Saturday, November 26, 2011
How lives change
This is a photograph of my cottage (the house in the middle) - we don't know exactly when it was taken, but estimate early Twentieth Century, probably sometime before 1920. The lady on the right is my elderly neighbour's aunt and I especially like the chap milking the cow in the background, outside what was then a pub.
The lady with the children lived in the house next door. I was told that all fourteen were her's, but looking at the photo and estimating their ages, it seems improbable - though not impossible. My late neighbour Hirwen lived in a cottage that was across the green from where this photograph was taken - he was one of seventeen children.
My cottage has changed little compared to the lives of those who live there. I doubt any in the photograph had ever left Pembrokeshire - yet I commute two hundred miles for weekends. When I bought the place it had minimal electrics, no heating or hot water system, no damp course... the small connecting shed, now a posh extension, had been used as a pig sty.
I was thinking recently about the extent of change in the century before I was born - how unrecognisably different lives became over that time. In the Eighteen Sixties, there were no planes, no cars, not even chain driven bicycles - medical treatment was primitive, no antibiotics, no penicillin, no Welfare State, no nuclear bombs...
And then I was wondering how things might look in fifty years time - a hundred after my birth. I doubt the difference will be so marked. There were no personal computers in the Sixties, no DVD's, no wind farms (I promise not to rant) and our knowledge of say quantum physics was not as it is now .. but much of what we take for granted was already there, even the space exploration programme had started. I read somewhere that the most significant advances in medical science had been made by the Fifties.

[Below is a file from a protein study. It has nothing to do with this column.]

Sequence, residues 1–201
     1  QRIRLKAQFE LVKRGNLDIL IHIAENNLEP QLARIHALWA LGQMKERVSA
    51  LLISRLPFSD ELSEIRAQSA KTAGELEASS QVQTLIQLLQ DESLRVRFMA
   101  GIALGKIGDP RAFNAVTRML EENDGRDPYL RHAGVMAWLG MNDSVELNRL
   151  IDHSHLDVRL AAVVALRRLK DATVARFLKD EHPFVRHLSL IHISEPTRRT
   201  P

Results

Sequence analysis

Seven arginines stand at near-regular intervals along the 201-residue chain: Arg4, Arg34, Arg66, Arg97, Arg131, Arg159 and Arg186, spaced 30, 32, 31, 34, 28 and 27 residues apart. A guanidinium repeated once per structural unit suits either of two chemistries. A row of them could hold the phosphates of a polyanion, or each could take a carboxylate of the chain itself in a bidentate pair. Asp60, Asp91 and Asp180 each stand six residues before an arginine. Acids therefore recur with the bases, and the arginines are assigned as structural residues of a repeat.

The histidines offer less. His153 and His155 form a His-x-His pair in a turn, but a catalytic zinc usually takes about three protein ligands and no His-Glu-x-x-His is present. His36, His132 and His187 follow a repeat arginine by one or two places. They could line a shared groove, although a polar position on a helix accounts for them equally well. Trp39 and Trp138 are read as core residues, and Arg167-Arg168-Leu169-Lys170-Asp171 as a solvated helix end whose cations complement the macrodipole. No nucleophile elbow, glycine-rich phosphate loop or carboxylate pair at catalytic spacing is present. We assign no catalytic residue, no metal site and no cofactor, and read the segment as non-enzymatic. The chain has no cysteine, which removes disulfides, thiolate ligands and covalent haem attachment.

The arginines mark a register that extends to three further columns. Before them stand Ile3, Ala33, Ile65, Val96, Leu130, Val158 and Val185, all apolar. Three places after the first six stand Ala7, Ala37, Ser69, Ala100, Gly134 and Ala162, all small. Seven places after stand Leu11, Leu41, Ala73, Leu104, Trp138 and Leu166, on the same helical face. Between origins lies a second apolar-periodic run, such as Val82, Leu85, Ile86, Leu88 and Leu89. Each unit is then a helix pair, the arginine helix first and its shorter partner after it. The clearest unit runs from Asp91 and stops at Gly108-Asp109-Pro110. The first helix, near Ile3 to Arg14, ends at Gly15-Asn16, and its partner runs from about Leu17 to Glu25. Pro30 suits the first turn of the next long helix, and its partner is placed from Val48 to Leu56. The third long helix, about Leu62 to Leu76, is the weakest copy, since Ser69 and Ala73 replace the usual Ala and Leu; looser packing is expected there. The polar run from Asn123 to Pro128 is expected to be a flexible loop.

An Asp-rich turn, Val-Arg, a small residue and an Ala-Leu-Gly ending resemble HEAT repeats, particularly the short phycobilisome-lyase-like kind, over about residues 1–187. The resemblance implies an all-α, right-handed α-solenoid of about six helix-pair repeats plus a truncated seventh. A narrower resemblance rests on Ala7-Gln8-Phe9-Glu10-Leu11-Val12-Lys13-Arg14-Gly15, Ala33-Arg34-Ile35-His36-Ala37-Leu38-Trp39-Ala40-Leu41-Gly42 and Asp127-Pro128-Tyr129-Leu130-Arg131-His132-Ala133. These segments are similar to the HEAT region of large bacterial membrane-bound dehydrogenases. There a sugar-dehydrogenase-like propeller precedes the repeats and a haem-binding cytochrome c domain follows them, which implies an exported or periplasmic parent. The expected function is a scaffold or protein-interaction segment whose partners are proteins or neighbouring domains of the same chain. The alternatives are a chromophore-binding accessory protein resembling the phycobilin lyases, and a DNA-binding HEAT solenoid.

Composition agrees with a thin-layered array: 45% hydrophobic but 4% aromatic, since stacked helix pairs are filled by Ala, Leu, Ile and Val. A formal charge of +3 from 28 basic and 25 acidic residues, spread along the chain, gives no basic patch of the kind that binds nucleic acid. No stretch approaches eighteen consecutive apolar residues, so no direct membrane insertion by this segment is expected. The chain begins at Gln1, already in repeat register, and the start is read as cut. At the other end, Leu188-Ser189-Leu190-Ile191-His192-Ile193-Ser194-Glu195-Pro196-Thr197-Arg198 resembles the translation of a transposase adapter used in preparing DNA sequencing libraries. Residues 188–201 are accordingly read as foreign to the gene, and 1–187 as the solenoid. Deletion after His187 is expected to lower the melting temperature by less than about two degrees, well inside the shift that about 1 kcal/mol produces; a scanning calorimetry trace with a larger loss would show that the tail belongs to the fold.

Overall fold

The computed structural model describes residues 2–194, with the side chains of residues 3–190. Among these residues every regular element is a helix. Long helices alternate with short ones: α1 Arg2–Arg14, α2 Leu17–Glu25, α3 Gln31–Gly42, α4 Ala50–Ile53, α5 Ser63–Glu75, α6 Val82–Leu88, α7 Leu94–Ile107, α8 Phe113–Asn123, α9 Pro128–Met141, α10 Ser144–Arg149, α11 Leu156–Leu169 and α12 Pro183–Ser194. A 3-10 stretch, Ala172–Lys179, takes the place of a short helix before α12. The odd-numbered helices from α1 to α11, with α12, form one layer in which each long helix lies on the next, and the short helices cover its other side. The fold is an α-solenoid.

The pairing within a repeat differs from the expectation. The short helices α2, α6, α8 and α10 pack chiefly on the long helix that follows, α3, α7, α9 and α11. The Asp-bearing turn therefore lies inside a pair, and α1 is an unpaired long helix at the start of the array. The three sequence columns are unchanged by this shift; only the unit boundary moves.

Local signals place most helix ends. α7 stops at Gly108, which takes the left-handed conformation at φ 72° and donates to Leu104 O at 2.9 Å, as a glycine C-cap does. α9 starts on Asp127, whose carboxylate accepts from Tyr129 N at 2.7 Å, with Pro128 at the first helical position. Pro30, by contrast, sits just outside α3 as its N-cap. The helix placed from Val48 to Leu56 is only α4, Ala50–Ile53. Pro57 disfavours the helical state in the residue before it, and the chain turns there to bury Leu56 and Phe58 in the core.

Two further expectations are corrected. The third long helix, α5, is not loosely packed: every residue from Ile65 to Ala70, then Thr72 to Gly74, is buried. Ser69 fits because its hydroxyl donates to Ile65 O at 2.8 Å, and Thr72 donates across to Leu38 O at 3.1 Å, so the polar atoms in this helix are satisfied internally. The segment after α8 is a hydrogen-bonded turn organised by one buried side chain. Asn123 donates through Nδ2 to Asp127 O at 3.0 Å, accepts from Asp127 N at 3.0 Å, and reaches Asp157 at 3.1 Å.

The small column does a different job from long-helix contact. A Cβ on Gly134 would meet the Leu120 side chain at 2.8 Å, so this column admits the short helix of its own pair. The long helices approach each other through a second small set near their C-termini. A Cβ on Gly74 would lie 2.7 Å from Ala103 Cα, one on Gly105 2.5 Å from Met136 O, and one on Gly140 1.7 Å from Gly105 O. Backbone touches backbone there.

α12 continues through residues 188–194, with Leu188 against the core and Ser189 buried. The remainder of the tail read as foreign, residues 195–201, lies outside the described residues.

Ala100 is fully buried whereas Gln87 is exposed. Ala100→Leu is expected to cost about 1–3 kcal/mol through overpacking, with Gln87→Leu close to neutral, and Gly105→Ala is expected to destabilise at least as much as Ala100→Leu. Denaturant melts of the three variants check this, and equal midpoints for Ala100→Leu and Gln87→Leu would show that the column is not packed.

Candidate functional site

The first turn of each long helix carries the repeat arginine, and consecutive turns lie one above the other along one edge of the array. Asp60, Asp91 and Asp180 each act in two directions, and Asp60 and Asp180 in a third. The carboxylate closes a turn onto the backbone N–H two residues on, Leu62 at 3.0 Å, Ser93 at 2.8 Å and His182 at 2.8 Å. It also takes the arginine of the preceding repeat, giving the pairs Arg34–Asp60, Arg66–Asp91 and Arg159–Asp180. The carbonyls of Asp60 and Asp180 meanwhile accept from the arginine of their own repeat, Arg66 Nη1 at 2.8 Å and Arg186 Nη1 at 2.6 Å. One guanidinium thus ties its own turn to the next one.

But as is so often the case, my thoughts were human-centric. Because for all our western lifestyles may not alter as fundamentally, the natural world will suffer more devastation than in any equivalent period since the Ice Age. The world's forests will be a fraction of what they were, our seas overfished, many species lost, arctic ice depleted... we know the story.
It isn't all bad - it's easy to romanticise about how life was when looking at sepia photographs. For all it was simpler, less stressful, and more in touch with nature - it was also hard, cold and at times a hungry existence. Ultimately, I'm glad I was born in 1961 not a hundred years previous - I hope my boys feel the same way when they are fifty.